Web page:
I know this thread is a few years old, but I had this happen to me tonight. I was not, and have never dry fired the weapon. I have a very nice birds head 32 H&R magnum single six. I've fired it all of 100 times. Tonight I was cleaning the gun and cocked the hammer back with the cylinder out of it, which I also usually don't do, and when I did it froze up. The trigger would not engage to drop the hammer. I was able to pull back on the hammer just a little, which would cause an audible CLICK. I tried a few things before taking the grip frame off, but eventually that was my only option.

When I did this 3 chunks of stainless steel fell out of the inside of the gun. 2 of them were flat circular pieces that I think was casting flash, and one was a cleanly broken pin. After some investigation I'm pretty sure it's the hammer plunger or pivot pin. There is what I think is the other half of the pivot pin still in the hammer itself.

I've left it as it is and plan to call Ruger tomorrow. I'll decide after chatting with them if I send it back to them of find a local smith. I was considering having some work done on the action anyway. It was a little sticky.

I'm not upset at Ruger or cursing the sky. Guns are machines and some times machines break even when brand new.
 

Hondo44

Hawkeye
Joined
Apr 3, 2009
Messages
7,711
You've diagnosed it correctly. I would not call this a weakness in Rugers but the cyl bolt actuating pin in the hammer will occasionally break. The NM design uses a smaller diameter pin than the old models to allow room for the transfer bar. You will probably never have one break again in your lifetime. I broke only one on a new model in the last 30 years and I have about a dozen new models. None have ever broken on my dozen or so old models, so i wouldn't worry about it. Ruger will most likely send you a free one, they did for me. It's a simple replacement you can do.

Pull the hammer out and push out the small retaining cross pin. The broken piece will be pushed by the spring behind it and fall out. Put in the new one with the short end first. Here's a video showing it being done:
http://www.ruger.com/resources/videos.html?vidID=005039
 
Joined
Dec 11, 2002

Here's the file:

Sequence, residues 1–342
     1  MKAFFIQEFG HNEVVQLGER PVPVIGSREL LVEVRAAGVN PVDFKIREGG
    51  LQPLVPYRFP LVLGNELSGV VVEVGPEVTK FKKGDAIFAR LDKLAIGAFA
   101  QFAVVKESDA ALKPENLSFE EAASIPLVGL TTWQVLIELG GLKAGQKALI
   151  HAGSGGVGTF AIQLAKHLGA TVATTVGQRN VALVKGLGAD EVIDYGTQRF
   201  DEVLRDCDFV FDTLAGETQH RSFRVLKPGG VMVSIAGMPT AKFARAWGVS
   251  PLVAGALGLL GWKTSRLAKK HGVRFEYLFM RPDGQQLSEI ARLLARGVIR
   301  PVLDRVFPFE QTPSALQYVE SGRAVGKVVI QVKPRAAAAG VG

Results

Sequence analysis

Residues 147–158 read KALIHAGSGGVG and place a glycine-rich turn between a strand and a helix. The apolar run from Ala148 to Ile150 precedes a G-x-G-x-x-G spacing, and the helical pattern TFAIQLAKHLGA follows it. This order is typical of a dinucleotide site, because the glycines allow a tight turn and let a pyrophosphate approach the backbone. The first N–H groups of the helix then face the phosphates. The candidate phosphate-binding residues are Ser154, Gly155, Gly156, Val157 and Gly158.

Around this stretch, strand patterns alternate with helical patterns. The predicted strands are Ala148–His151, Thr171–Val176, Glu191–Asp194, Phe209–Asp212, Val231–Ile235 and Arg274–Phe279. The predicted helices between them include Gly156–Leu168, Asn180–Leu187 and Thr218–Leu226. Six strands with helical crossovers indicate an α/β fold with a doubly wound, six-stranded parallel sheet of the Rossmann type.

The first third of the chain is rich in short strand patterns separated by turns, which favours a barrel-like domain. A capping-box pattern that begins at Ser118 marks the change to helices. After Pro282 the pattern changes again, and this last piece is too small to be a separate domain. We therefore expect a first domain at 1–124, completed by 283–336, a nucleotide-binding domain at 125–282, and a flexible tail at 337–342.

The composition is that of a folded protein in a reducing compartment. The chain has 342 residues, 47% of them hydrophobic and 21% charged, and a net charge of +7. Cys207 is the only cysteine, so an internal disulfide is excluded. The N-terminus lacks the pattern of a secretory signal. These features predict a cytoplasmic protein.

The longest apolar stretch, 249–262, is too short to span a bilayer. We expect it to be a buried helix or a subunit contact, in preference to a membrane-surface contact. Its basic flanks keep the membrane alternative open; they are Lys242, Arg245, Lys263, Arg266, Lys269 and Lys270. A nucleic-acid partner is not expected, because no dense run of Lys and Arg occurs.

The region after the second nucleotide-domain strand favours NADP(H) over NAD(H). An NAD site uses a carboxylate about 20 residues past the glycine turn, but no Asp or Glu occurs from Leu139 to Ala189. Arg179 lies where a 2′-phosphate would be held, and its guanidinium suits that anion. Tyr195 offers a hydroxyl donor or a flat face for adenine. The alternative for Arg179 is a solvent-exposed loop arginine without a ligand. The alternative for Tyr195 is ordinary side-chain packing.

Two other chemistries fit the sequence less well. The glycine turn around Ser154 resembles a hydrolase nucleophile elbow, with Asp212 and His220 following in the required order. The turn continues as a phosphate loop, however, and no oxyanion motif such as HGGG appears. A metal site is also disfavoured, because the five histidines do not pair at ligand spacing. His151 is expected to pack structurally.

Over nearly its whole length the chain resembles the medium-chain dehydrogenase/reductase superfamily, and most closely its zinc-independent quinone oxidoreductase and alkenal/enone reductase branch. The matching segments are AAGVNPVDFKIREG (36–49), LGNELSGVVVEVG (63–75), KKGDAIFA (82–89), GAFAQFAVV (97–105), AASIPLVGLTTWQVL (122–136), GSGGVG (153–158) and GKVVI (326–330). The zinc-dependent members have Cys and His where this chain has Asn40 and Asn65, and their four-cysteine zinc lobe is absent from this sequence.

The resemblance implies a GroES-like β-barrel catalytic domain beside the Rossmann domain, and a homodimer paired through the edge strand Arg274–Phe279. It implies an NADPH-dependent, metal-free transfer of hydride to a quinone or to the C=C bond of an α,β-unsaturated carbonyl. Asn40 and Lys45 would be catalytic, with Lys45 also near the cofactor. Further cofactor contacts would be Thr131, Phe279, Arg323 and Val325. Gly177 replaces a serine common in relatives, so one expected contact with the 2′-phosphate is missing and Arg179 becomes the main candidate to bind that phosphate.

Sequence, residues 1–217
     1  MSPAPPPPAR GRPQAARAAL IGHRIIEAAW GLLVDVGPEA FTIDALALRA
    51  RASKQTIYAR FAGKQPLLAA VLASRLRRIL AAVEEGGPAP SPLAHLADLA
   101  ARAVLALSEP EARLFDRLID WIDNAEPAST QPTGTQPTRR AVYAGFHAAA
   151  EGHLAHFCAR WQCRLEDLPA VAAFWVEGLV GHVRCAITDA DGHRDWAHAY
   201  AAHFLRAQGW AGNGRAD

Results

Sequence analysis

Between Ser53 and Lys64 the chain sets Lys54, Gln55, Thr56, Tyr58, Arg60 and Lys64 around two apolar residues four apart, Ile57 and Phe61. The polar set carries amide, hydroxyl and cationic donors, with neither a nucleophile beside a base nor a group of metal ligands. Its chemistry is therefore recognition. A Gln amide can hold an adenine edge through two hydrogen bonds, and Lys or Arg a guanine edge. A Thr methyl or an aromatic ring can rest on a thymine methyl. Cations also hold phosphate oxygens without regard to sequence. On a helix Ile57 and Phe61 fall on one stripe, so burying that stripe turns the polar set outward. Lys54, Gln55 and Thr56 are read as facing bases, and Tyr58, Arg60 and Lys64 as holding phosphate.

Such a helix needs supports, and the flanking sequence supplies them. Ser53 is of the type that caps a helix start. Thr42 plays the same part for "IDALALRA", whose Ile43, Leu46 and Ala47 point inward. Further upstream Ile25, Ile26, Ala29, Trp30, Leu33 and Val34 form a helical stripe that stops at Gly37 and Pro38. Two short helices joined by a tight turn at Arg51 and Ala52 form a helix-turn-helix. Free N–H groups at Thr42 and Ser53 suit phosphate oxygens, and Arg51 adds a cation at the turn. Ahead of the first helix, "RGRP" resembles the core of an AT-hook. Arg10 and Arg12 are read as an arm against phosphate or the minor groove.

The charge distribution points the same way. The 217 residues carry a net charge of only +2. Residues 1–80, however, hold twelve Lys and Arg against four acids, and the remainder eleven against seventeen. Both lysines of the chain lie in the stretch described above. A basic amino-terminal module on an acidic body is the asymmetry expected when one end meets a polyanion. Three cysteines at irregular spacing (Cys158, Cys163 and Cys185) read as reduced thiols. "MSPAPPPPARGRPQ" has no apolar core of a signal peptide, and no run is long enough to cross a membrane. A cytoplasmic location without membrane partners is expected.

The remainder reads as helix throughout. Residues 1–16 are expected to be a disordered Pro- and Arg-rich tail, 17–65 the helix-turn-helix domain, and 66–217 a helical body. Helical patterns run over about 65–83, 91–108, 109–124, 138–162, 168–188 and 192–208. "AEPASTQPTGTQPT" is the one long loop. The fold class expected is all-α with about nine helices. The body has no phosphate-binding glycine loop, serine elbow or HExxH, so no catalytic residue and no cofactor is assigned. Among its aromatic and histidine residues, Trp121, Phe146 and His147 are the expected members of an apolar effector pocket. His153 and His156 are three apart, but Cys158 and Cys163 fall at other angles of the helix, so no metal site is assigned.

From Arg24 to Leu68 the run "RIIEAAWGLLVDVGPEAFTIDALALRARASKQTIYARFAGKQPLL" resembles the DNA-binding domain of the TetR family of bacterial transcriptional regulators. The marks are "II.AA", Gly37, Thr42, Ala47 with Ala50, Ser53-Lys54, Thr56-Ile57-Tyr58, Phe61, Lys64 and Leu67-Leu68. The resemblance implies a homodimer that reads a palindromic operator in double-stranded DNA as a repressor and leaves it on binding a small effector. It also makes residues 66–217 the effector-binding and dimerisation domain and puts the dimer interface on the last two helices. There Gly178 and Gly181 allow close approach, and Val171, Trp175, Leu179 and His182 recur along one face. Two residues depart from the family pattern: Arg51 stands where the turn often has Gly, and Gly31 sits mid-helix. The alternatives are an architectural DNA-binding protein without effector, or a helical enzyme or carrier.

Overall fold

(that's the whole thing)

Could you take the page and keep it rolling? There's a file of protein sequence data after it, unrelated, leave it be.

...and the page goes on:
Messages
7,753
I think the key words in the OP, was it basiclally was NOT cleaned in what 30 years?? something sits that long, and NOT move or oiled, "$h!t" happens..........as pinecone noted it can get "gunked" up, solidify, "gel" harden, you name it............a bit of oil from time to time, and in the case of this particular part, we use 'Kroil' it DOES "climb", up and into cracks and crevises as well as flat surfaces......... 8)
other than that, it comes to 'abuse & misuse'........ :roll:
 

David Bradshaw

Blackhawk
Joined
Sep 11, 2012
Messages
933
I like to strip, clean, and lubricate a new firearm. Short of that, clean as best can and lube. Burrs and metal chips do occasionally leave the shipping department with a new gun. Small parts are more sensitive to burrs than large parts. If the hammer pin moves freely in-and-out, it should not fail. If it hangs up, it may bend or break.

Guns are designed to operate lock-to-lock. They are not designed for perfect cycling when short-cycled or short-stroked.

Since dry-firing has come up, there are a few general rules:
DON'T LIKE
* Antiques don't like dry fire.
* Shotguns don't like dry fire.
* Percussion locks don't like dry fire.
* Lever actions don't like dry fire.
* Rimfires which allow the firing pin to peen the chamber don't like dry fire.
* Firearms with an extremely hard cocking piece or firing pin, or an especially a hard firing pin fall, do not like dry fire.

Some guns take dry fire in stride:
* Ruger, at the top.
* S&W.
* Most bolt action, pump, and self-loading centerfire rifles.
* Most centerfire auto pistols.

While campaigning to set the 40x40 revolver record, I broke the transfer bar on the Super Blackhawk that won the first International Revolver Championship. With 37 silhouettes down, my 38th shot "rang" ram #8. On the shot that failed to topple the ram, the transfer bar broke.

News of that inspired Ruger to put a Super Blackhawk in the dry fire machine and to run it for a week. Many, many cycles. Didn't do diddly.
David Bradshaw